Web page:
Water & Rock Music Volumes 5-6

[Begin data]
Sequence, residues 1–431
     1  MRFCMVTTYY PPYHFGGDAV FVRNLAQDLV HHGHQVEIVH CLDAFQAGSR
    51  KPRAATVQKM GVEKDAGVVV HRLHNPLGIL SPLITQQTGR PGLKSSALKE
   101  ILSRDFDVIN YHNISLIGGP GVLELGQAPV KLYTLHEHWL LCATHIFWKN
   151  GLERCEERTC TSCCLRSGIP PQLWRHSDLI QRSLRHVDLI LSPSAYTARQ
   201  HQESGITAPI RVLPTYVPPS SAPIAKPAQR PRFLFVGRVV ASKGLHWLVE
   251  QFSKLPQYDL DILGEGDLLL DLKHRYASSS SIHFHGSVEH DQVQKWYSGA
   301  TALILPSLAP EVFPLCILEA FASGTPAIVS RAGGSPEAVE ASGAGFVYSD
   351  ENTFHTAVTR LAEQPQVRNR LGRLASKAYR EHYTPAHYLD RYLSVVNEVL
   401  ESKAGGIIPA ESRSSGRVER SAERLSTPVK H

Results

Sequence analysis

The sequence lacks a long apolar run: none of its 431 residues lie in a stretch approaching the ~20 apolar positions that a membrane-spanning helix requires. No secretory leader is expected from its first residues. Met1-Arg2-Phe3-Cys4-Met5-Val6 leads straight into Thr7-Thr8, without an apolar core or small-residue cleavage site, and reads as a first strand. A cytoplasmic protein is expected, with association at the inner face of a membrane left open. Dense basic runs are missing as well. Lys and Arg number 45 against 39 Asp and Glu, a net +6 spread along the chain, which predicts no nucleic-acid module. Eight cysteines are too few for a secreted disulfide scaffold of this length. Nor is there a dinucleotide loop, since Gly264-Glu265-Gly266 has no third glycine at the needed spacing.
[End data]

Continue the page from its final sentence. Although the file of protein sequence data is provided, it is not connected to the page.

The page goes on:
Limited restock, last copies. "Another wonderful album by this Swedish-based guitarist/carpenter. This is the fourth (and I believe final, at least for now) addition to Collin's series of site-based outdoor recordings. The first three (FTR 399LP, FTR 418LP, and FTR 534LP) were stellar examples of Jon's finger-thinking, and this one is as well. He seems to have embraced a romantic form of melodicism over the course of these albums, contrasting with some of the harsher blues evocations he's explored recently. And as much as I enjoy everything Jon plays, there is something very special and satisfying about his more overt beauty-motion. There are four compact pieces on the first side. These have a certain hint of John Renbourn's attack, but with a more harmonically scrambled bent and a soupçon of the quiet, wordless vocalizing Collin has added to other tunes in the Water & Rock sequence. As has been noted, these share a bit of conceptual similarity to Loren Connors's earliest solo works, but Jon manages to remove the violence that seemed to animate Loren for a while. Perhaps one distinction is the setting for the recordings themselves -- near the water, outdoors in the sunlight of Stockholm, rather than in a freezing, abandoned warehouse in New Haven -- but I do not want to infer that either of these artists is unable to transcend physical realities in quest of sonic truth. Still, it's a question I might ask them both. There's some slide work in evidence here, but it's balanced by plenty of finger picking. And each of the four pieces on side one (all entitled "Nothing") has a distinct approach to sustained tones, some of which evoke memories of Fahey for me. The long piece on the flip is called "The Stream of the Consciousness (Prelude)," and it's lovely through-and-through. Melodies are slowly unbound and savored before they gradually mutate into new aural visions or gentle, exploratory splendor. The only thing missing is your own big fat head! Hop to!" --Byron Coley, 2022